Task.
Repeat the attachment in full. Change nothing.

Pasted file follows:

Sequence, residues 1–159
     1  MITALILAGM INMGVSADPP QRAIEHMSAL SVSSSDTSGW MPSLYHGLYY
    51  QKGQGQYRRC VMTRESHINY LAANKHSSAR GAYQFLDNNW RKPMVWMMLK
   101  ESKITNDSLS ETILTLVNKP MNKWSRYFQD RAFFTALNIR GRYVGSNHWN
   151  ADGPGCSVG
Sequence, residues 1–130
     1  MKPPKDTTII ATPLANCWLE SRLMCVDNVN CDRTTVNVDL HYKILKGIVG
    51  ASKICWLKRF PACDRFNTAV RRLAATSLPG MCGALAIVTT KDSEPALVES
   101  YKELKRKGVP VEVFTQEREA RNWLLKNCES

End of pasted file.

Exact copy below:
Sequence, residues 1–159
     1  MITALILAGM INMGVSADPP QRAIEHMSAL SVSSSDTSGW MPSLYHGLYY
    51  QKGQGQYRRC VMTRESHINY LAANKHSSAR GAYQFLDNNW RKPMVWMMLK
   101  ESKITNDSLS ETILTLVNKP MNKWSRYFQD RAFFTALNIR GRYVGSNHWN
   151  ADGPGCSVG
Sequence, residues 1–130
     1  MKPPKDTTII ATPLANCWLE SRLMCVDNVN CDRTTVNVDL HYKILKGIVG
    51  ASKICWLKRF PACDRFNTAV RRLAATSLPG MCGALAIVTT KDSEPALVES
   101  YKELKRKGVP VEVFTQEREA RNWLLKNCES